I think that there is so much potential in the [advising] relationship to accomplish some key things. One is obviously to help students make solid academic decisions and…develop a logic of the curriculum…Another is that sense of belonging. I think that advisors, especially predeclaration advisors and anyone advising first-year students, have an unbelievable opportunity to help students feel like they belong and hear it from an adult.
-Mike Olin, Interim Dean of Advising and Co-curricular Programs
At Lafayette College we highly value effective advising as evidenced in multiple ways including its inclusion within the Criteria for Distinguished Teaching for promotion and tenure review. Today’s article focuses on the critical importance of advising in a Lafayette student’s college experience. Mike Olin, Interim Dean of Advising and Co-curricular Programs, discusses why the advising relationship is so critical for our students:
I think that there is so much potential in the [advising] relationship to accomplish some key things. One is obviously to help students make solid academic decisions and…develop a logic of the curriculum…Another is that sense of belonging. I think that advisors, especially predeclaration advisors and anyone advising first-year students, have an unbelievable opportunity to help students feel like they belong and hear it from an adult. Obviously we want all students to help make their fellow students feel like they belong, but I think there are important messages that can come directly from faculty and staff as well: that we did not make a mistake [in admitting you], that you do belong here. And, I think there is an opportunity for role-modeling as well. Students see faculty usually operating in the classroom environment and that’s one way they get to observe faculty, but then there are office hours and one-on-one conversations. I think there is an opportunity for role-modeling there and talking about one’s own educational journey, talking about any readings or research that might be standing out for them, etc. There is research in the [higher ed] field showing that when a student has more adults they can point to on campus and say “that is someone that I can turn to for advice”, there is a correlation with greater academic success and retention.
Mike acknowledges how in many ways advising is like teaching, as highlighted in the scholarship of Marc Lowenstein who was recently a guest speaker at Lafayette and led the workshop, “The Untapped Teaching Potential of Advising”.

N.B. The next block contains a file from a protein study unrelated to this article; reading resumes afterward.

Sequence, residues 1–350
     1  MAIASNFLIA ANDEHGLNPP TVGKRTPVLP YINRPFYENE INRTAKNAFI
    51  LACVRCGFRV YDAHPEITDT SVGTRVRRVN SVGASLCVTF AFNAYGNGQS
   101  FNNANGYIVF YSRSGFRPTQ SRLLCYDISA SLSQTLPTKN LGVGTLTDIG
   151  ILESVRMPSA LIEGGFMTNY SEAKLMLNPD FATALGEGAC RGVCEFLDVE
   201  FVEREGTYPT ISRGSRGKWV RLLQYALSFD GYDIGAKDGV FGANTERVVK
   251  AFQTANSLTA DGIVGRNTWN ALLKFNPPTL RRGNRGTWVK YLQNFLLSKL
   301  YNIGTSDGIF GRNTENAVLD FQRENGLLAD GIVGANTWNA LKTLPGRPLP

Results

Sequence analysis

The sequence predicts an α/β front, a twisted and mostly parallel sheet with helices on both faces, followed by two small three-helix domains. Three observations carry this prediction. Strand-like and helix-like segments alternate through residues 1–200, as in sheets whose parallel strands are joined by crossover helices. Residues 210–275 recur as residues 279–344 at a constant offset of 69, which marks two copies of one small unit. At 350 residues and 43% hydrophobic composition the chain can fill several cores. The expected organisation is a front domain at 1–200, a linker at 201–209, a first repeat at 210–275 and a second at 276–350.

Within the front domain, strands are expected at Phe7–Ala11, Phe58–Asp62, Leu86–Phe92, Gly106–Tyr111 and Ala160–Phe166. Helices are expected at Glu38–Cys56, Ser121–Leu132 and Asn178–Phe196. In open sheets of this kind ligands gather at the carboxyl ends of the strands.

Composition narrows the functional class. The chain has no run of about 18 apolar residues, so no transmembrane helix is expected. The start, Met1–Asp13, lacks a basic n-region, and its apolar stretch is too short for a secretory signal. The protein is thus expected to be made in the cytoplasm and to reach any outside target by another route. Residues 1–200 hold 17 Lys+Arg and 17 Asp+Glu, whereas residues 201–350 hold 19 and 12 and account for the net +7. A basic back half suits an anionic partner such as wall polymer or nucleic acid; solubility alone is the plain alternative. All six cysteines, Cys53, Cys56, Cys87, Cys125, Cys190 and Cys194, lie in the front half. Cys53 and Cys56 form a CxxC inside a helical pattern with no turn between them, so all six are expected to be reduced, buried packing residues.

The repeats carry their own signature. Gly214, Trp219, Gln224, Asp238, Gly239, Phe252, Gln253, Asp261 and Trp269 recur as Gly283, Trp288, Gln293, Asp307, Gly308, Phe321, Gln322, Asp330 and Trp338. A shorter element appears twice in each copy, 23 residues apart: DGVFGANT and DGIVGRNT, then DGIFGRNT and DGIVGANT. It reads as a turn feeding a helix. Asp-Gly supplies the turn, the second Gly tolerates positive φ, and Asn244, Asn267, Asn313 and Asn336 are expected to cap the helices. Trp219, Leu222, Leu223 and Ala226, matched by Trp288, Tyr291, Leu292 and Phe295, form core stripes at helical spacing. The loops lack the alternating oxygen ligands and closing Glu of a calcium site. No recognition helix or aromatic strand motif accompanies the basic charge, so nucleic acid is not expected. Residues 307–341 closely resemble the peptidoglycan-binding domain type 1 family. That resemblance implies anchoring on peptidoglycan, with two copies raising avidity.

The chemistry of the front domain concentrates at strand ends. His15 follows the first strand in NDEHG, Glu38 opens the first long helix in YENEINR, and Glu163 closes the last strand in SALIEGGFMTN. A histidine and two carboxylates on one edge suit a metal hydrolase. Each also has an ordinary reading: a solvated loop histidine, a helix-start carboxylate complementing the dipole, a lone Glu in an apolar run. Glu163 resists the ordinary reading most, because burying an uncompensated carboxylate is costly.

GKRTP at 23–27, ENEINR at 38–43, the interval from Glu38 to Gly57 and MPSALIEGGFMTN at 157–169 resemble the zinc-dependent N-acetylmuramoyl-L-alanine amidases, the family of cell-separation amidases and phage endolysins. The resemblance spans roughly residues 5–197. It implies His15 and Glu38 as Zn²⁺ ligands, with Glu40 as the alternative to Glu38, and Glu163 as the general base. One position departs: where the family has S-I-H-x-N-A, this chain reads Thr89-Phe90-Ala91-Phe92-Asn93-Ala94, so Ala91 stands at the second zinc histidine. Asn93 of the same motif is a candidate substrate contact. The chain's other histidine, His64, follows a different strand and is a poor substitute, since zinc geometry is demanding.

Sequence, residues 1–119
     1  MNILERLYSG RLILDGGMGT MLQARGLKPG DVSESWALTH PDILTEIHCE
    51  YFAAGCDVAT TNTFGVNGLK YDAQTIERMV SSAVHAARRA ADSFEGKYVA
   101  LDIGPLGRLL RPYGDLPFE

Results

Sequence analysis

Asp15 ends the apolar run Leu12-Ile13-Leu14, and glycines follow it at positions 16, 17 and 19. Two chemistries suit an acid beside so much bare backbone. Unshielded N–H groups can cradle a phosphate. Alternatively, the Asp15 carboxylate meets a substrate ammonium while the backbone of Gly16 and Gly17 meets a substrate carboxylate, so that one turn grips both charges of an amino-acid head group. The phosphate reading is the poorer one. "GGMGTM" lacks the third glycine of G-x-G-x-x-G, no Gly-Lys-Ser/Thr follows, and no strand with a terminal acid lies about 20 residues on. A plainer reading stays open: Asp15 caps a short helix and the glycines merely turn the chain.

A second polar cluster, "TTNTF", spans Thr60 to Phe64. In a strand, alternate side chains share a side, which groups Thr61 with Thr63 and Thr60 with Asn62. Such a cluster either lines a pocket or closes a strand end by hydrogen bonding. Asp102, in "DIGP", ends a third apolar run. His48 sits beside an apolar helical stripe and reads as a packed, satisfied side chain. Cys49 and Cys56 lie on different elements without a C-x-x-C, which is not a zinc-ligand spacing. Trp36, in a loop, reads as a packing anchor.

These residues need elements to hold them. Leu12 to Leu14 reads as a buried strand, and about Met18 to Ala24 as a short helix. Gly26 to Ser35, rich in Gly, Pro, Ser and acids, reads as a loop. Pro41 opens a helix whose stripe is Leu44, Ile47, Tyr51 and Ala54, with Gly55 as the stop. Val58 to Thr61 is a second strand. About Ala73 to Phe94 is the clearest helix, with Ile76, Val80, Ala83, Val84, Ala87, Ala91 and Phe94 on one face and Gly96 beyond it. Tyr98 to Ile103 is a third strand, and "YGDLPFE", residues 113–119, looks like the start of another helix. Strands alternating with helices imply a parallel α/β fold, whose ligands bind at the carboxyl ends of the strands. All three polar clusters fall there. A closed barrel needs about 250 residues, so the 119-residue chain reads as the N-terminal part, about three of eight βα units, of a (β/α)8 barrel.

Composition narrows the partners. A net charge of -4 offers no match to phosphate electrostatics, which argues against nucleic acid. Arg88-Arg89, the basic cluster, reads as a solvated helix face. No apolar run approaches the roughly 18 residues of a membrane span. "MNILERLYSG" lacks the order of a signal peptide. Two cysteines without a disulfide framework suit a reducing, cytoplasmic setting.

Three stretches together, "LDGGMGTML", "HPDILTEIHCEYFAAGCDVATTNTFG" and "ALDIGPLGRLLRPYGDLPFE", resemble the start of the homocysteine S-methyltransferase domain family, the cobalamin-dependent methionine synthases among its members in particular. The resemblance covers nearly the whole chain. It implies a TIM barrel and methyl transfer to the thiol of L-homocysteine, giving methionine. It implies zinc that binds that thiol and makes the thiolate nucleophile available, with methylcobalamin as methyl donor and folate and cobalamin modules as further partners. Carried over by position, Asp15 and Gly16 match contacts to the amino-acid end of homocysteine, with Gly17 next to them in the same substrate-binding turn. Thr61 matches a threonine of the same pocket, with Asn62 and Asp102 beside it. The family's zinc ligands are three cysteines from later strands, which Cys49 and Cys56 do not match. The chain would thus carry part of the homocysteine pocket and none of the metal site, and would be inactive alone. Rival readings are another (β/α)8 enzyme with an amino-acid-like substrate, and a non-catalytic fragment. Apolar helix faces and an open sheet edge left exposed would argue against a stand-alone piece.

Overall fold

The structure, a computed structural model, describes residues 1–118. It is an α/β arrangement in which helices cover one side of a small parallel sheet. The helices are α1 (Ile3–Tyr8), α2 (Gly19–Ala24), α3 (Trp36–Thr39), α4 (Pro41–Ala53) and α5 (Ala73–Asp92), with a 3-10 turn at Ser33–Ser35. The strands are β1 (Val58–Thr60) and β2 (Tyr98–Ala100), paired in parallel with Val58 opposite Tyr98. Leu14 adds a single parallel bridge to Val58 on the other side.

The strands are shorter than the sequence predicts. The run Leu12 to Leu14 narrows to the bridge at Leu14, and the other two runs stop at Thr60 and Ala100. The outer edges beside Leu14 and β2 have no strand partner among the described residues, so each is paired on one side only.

Excellent advising really is aligned with excellent teaching that you would see in a course — the way that an excellent teacher can create a logic of all the components of a course, and help a student to synthesize [the components] in a meaningful way. An excellent teacher can help [students] connect the dots and walk away feeling that every component of this course really came together, and they were able to master this material in the end. I think that the advisor can do something similar, but on a higher level, helping the student to synthesize and create a logic between all of the different components of the curriculum — in the major, outside of the major, in the Common Course of Study. That helps the student develop higher order thinking, which is a very useful lifelong skill, a very marketable skill and can help a student just feel engaged throughout their entire career at the college. It helps them realize they are not just checking off boxes, but every course they are taking is related in some way, shape or form to all of the other courses that they will be taking.
At Lafayette there are a number of faculty who serve as wonderful advisors to our students.
We definitely have some excellent advisors on campus. In the cases where I have seen excellent advising, it goes beyond the prescriptive advising or the transactional advising where you are just trying to make sure they know which boxes they need to check in order to obtain the degree. There is the level of asking additional questions, for example, “Let’s look at these Values courses; are there some that are jumping out for you, and how could these courses be related to some of your other interests? Or, you’re in mechanical engineering, so how can we connect these [non-Engineering] courses together in a way that would inform your overall educational experience, career path and interests?”
I think just asking even one or two additional questions — why this course, or how could these courses be related to your major — just gets the student thinking on a higher level and helps them to create that logic over time. Excellent advisors are asking those additional questions, which can be a little bit more time-consuming, but I don’t think it needs to be extraordinarily more time-consuming. But I think it is true that in order to be an excellent advisor, it can sometimes take a little more time than one would expect.
Both Cliff Reiter, Professor of Mathematics, and Kira Lawrence, John H. Markle Professor of Geology, both advocate the importance of effective advising. Professor Reiter’s approach to advising is embodied in the philosophy, “explore your interests, pursue your passion.” He uses this framework in his mentorship of Posse Scholars and other advisees. Professor Kira Lawrence believes that, “Advising affords us the unique opportunity to change a student’s life for the better. Investing in advising is a powerful means to help students truly make the most of their educational experiences.”
Advising is a precious opportunity to empower students to make choices from the many possibilities available to them. Not only can effective advising maximize students’ learning experiences, it can also help them to feel a part of the Lafayette community.
Upcoming Advising Sessions